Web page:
6- World building / Descriptions
When your writing is strong, your reader doesn’t notice when you include world building or descriptions in your story.
By the end of The Hunger Games, the reader has a clear idea of what Katniss, District 12, the Capitol or the Games Arena look like, yet it’s hard to remember exactly when Collins described them. She intertwined the descriptions with her story.
Strong writing is a tool to make your reader think. You read The Hunger Games for the story, the characters, the suspense. But the reason why so many readers enjoyed it so much is that it tackles important themes. It questions reality TV, freedom and the things we take for granted in our Western societies.
8- Grammar, spelling and punctuation
No strong writing without them!
So strong writing makes effortless reading. Your readers shouldn’t be able to see through your writing devices. They should be able to believe in, and care about, your characters so much that when the Gamemakers announce that “both tributes from the same district will be declared winners if they are the last two alive”, they call out Peeta’s name at the same time Katniss does.
Do you agree? What makes “strong writing” according to you? I’d love to hear your thoughts in the comment section!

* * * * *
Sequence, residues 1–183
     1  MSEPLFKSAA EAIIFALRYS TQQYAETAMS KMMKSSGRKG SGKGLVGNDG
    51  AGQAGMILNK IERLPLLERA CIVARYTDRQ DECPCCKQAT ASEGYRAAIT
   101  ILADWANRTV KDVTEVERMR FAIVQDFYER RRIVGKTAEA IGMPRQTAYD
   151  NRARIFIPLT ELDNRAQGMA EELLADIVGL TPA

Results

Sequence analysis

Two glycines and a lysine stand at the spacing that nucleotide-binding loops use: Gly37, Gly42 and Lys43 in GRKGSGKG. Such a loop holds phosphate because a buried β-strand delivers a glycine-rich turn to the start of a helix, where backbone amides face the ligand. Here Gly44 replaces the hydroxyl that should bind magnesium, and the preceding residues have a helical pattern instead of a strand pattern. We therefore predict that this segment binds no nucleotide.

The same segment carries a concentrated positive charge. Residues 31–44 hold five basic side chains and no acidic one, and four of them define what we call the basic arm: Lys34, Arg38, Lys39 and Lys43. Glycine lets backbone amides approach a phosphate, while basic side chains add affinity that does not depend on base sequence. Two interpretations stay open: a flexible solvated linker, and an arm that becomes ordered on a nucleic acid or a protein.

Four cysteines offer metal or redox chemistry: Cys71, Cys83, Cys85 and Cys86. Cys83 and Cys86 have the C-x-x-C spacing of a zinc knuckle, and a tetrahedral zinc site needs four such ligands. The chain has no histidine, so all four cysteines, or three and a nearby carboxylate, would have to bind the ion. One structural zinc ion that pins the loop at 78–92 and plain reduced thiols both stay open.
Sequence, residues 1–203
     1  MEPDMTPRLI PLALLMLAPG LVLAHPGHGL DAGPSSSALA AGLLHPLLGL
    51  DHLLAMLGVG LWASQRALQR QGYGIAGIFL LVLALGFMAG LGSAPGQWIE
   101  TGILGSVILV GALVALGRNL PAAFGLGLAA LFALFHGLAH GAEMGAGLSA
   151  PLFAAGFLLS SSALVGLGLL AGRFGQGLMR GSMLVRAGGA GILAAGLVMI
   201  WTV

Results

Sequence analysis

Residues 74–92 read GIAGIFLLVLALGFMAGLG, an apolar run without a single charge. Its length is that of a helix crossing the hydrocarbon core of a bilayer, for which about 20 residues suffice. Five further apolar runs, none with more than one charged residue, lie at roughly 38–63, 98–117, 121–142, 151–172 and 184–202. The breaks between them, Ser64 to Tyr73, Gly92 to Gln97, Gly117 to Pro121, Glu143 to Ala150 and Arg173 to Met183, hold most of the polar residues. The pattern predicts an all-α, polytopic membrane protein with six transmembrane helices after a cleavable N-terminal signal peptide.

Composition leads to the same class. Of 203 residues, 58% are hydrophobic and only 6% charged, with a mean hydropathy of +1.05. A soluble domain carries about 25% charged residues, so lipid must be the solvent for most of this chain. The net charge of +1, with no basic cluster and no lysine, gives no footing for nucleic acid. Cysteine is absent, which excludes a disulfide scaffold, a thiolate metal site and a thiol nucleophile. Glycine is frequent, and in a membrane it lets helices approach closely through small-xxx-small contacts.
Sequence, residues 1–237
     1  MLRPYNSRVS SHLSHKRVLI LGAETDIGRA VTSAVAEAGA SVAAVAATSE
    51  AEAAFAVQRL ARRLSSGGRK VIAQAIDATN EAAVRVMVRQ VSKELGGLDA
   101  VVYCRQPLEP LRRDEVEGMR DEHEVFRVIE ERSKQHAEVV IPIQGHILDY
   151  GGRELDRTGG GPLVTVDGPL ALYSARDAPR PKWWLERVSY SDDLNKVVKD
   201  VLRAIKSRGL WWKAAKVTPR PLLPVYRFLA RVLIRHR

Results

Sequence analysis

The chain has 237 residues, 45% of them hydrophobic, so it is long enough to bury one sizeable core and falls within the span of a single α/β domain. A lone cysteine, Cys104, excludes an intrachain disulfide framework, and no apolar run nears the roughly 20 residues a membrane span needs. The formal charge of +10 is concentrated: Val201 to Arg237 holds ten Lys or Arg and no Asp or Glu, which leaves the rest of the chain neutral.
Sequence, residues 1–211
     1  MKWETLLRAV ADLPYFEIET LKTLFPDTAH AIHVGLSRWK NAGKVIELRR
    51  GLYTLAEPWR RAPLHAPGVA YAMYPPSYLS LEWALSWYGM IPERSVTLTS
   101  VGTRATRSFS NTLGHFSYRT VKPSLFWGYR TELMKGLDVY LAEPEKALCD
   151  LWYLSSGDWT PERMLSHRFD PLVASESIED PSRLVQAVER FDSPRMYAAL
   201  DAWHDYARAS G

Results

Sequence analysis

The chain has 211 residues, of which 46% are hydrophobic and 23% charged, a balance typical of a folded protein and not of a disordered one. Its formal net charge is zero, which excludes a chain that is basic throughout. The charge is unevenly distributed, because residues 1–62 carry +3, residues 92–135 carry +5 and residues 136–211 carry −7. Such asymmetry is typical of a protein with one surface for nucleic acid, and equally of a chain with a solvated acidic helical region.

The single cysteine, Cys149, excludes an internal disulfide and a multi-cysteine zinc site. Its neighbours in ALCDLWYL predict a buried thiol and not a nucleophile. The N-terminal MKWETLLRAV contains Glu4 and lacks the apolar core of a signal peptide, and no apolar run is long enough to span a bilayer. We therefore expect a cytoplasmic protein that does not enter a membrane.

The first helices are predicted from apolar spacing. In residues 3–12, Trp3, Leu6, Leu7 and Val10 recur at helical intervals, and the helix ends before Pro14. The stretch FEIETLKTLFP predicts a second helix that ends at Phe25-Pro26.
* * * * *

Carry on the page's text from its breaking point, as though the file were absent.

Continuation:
Really good work here. I like the specific examples and The Hunger Games is a great choice. Thanks for the reminders!
This is a good distillation of what makes a well-told story. Some things, like sentence length, may legitimately differ based on the writer and the genre, but these are actually all things I aim for. Great post!
Good example using a great book.
Will endeavour to follow the tips.Thank you.
You’re welcome guys! Glad you enjoyed it 🙂
I agree that strong writing pulls you in and you don’t notice the technique because you’re so lost in the story. Oneday I hope I can do that!
Great to have a positive spin on good writing – so often as writers we look at the ‘things not to do’ and can feel far from where we need to be.
I agree! I wanted to try and answer the question “what should I be doing?”
Excellent advice. I love how the more you write the more you dissect other stories. It must mean we’re getting that hang of this business. 🙂
Hopefully you’re right! 🙂
Voice. Each story needs to have its character’s unique voice coming through.
I’ve submited quite a few entries to competitions where I only had space for one or two of the factors you mentioned and got great responses, because it was the voice that kept them nailed to the screens.
Description without voice means nothing. Grammar without the voice just acts as a way to show the reader where to pause.
So I build my writing on three columns: character, plot, voice. Everything else needs to flow out of those, or else it’s meaningless to me. Which is why I skip pages of description in a story when I find one of these three lacking.
Very true! Great advice 🙂
Great post! I love it.